How is concentration a conserved order parameter?

What are the steps involved in putting together a phasefield model?^{10}

What effect does GibbsThomson effect describe?

The equilibrium concentration of $\beta$ phase will be different in the case of a curved interface vs. a flat interface. How do we quantify this difference in concentration?

Which will be greater? Equilibrium concentration of curved interface or flat interface?

How can this quantification be shown using a GX diagram? How is it related to the second derivative of free energy?

Why can the GibbsThomson effect be simulated using the same code as that of CahnHilliard equation?

How can we show that the relevant radius where GibbsThomson effect becomes important is in the order of nanometers? Or in other words, why will nanosized particles have a strong effect?

How can this be used to explain the fact that gold nanoparticles will melt at a temperature that is different from bulk gold?

How can grain growth be simulated using AllenCahn equation? How can the data from this be used for validation based on the trends of the analytical solution i.e. $R^{2}R_{o}^{2} \propto t$ ?

What is the need to take an additional order parameter when studying grain growth using the ZenerFrank model?^{11}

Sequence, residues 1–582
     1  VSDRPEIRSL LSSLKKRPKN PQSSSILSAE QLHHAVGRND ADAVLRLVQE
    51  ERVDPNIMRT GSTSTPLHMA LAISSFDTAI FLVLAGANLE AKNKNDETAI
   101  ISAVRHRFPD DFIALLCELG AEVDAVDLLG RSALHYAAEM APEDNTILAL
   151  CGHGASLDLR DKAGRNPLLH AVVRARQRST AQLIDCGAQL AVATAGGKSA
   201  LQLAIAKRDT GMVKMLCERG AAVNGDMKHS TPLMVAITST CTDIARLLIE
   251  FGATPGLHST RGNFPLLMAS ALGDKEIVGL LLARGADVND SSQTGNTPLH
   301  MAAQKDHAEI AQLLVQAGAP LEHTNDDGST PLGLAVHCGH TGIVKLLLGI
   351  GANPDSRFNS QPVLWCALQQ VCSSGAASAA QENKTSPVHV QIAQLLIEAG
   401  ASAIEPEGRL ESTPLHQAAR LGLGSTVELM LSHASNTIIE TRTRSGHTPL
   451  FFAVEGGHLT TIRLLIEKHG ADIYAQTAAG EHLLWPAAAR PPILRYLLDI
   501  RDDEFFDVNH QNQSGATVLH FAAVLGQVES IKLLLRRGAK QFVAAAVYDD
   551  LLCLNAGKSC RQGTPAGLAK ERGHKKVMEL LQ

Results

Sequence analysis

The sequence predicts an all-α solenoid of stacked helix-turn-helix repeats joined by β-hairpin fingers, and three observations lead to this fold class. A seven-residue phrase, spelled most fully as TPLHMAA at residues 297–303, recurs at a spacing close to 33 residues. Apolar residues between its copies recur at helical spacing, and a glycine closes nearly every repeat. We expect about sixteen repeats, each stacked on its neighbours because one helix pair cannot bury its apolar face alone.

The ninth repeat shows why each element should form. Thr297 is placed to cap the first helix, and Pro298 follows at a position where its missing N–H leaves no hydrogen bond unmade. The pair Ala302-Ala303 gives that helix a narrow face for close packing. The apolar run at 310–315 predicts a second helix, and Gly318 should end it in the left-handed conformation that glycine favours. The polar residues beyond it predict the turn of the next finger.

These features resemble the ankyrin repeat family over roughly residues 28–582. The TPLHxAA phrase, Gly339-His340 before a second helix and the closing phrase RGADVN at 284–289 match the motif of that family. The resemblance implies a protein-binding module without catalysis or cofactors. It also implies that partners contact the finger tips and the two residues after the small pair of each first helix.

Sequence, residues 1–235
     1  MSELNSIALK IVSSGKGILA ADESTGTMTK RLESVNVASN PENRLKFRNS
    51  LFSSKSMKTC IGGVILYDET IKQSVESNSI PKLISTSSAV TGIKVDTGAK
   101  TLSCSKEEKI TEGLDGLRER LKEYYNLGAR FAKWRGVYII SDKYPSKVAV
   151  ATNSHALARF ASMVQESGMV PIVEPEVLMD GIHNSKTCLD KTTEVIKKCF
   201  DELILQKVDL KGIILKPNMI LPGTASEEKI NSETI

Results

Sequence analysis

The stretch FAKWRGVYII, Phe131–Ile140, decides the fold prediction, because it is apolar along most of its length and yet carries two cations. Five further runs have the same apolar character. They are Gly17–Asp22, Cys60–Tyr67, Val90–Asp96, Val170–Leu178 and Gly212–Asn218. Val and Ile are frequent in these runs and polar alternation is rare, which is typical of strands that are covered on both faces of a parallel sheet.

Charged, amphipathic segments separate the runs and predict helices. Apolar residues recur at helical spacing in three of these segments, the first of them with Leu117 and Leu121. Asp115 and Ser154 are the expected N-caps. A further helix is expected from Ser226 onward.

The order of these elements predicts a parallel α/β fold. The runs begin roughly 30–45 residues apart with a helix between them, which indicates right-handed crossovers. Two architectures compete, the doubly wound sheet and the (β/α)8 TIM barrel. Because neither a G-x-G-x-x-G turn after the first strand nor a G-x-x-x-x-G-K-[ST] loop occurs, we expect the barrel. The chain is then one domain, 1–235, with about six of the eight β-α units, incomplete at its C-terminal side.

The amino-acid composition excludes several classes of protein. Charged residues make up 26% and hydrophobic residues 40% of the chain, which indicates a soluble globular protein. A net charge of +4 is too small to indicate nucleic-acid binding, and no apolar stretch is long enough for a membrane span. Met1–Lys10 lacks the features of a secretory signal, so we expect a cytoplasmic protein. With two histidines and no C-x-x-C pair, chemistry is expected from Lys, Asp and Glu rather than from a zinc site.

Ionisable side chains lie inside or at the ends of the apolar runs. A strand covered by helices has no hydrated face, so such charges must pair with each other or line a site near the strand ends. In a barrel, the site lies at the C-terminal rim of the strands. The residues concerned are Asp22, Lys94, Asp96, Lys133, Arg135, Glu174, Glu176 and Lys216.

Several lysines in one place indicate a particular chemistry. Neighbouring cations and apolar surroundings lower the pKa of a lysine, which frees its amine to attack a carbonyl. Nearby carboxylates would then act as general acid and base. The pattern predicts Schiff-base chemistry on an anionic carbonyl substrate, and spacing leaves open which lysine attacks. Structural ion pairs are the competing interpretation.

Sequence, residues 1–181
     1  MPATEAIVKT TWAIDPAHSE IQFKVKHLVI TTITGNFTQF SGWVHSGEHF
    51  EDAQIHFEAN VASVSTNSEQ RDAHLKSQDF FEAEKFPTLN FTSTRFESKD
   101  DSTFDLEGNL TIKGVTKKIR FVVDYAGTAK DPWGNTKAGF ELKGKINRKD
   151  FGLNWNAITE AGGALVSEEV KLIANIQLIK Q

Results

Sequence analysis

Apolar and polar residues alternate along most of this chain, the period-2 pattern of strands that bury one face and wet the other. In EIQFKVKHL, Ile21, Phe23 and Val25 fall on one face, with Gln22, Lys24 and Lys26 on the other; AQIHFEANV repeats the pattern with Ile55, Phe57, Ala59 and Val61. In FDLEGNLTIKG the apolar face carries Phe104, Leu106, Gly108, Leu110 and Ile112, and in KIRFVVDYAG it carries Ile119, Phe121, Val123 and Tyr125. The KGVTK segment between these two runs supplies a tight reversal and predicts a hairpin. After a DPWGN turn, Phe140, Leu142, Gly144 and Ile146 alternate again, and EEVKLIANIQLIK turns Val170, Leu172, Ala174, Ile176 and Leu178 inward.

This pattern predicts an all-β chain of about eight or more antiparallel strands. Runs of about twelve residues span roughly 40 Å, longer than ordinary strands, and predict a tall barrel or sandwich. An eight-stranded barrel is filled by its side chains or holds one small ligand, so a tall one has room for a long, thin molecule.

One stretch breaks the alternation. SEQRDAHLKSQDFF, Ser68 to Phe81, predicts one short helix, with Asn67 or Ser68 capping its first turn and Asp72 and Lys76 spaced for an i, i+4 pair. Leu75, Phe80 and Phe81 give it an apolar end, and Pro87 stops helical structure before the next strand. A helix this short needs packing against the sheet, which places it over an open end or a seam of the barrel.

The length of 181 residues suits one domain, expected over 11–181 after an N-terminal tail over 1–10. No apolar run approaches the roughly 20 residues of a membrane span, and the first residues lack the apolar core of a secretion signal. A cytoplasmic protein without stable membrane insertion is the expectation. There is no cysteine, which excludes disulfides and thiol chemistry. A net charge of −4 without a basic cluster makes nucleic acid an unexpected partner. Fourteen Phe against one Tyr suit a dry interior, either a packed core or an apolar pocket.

What are the constraints in the formulation of the order parameter in the FanChen model?

What would be the genesis of the argument for varying $\kappa$ in the FanChen model? ^{12}

What is the need to have a grain boundary function in the FanChen model?

“Fourier Transform implicitly assumes periodic boundary conditions” How is this idea used to code FanChen model without explicitly considering periodic boundary conditions?

How can you show the different grains with different colours such that the microstructure looks like the EBSD maps?

What are the different ways of formulating the grain boundary grooving problem using periodic boundary conditions?
Footnotes

Trick question! Both are the same ↩

Refer Tutorial 3 of Phasefield course ↩

Moving plane across which net flux is zero ↩

$J = J_{2}  c(J_{1}+J_{2})$ ↩

Refer Kreyszig’s book ↩

Diffusivity is a tensor! (How?) ↩

Interfacial Energy. It deals with the contradiction in the classical diffusion equation ↩

The height of the barrier (peak in the GX curve) and the value of $\kappa$ ↩

$w \propto \sqrt{\frac{A}{\kappa}}$ ↩

Decide the order parameter, write down the thermodynamic equations (free energy functional), write down the governing equation (kinetics) which talks about rate of change of order parameter and then solve the equation numerically ↩

To ensure Diffusivity is constant, we need to modify the free energy functional in the model ↩

Different grain boundaries may have different energies, which means $\kappa$ is not constant ↩